Maggie Nelson, a nonfiction writer and poet, gave a public reading 6 p.m. Feb. 4 in the Handwerker Gallery as part of the Department of Writing’s Distinguished Visiting Writers Series.
Catherine Taylor, associate professor of writing, introduced Nelson by reading a few pages from her largely recognized novel “Bluets.”
Taylor said she chose to invite Nelson not only because she loves her work and uses the material to teach classes, but also because of the way that Nelson combines two genres of writing together in her work.
“She works in poetry and nonfiction, but some of her works are a blend of those two things, and I thought that would be very interesting for the students,” Taylor said.
Jacob White, lecturer in the Department of Writing, also uses Nelson’s work in his Introduction to Creative Writing class at the beginning of the semester.
“The students, at the beginning of the semester, are exhilarated by it and seem to be affected,” White said. “They seem to find [‘Bluets’] very affecting and exciting, and it seems to sort of open up all kinds of new possibilities of how and what to do when you’re writing.”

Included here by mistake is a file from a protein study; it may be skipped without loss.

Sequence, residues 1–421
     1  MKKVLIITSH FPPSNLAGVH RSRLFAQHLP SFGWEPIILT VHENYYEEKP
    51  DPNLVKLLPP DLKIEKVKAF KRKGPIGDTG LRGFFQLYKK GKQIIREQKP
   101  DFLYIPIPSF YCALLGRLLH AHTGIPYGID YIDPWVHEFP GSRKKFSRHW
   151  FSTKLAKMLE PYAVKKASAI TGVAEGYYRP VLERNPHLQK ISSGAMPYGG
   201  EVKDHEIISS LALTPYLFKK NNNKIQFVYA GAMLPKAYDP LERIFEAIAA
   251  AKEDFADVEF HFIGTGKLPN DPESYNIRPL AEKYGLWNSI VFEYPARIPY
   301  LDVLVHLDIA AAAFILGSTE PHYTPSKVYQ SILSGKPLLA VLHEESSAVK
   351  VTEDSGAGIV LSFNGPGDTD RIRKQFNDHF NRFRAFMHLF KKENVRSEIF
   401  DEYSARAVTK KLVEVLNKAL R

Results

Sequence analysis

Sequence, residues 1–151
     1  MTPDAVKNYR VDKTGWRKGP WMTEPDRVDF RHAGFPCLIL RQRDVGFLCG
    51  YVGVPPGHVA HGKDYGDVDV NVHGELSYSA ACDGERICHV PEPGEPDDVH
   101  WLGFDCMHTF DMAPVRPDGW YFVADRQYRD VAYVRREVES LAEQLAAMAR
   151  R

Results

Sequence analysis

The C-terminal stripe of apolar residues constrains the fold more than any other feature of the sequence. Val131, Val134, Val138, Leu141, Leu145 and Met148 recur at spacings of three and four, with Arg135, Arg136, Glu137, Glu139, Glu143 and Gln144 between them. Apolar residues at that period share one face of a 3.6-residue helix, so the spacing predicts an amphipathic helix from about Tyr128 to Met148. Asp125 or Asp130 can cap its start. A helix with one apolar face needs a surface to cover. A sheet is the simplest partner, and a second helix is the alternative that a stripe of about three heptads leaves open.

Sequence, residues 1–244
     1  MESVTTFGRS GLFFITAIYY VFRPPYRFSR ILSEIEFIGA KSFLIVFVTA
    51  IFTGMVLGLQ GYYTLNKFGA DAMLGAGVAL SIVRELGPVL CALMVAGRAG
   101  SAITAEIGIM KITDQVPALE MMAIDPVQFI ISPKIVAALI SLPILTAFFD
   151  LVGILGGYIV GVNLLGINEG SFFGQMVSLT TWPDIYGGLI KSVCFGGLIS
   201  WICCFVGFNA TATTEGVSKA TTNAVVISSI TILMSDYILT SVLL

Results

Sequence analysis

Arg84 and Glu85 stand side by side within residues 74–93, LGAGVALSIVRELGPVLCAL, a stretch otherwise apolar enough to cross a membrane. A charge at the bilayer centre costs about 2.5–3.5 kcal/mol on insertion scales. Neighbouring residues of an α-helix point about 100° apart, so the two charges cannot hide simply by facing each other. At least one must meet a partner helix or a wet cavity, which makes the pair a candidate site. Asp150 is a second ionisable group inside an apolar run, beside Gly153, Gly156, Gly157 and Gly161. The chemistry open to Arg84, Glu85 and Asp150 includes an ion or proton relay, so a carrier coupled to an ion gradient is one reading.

Sophomore Molly Friedeborn found that her Personal Essay course paralleled to the work that Nelson was talking about and reading.
“We’re doing a lot in our class, like talking about memories,” Friedeborn said. “So actually I found a connection with that because she was talking about personal stories and stuff.”
Taylor said the distinguished writers that come to visit don’t simply read to the audience. They also work closely with the students.
“There’s also a writer’s workshop for students who registered for the class,” Taylor said. “They get to have class time with the writers and individual conferences on their own manuscripts.”
Nelson said having other colleagues review your work is helpful during the editing process. She said she finds it helpful to get everything out and then have other people point out areas she can improve.
Nelson also read the first 10 pages of her latest work, “The Argonauts,” which will be published in 2015 by Graywolf Press.
The Department of Writing will welcome poet and literary critic Elizabeth Willis on Feb. 25, and fiction writer Rachel Kushner on March 20.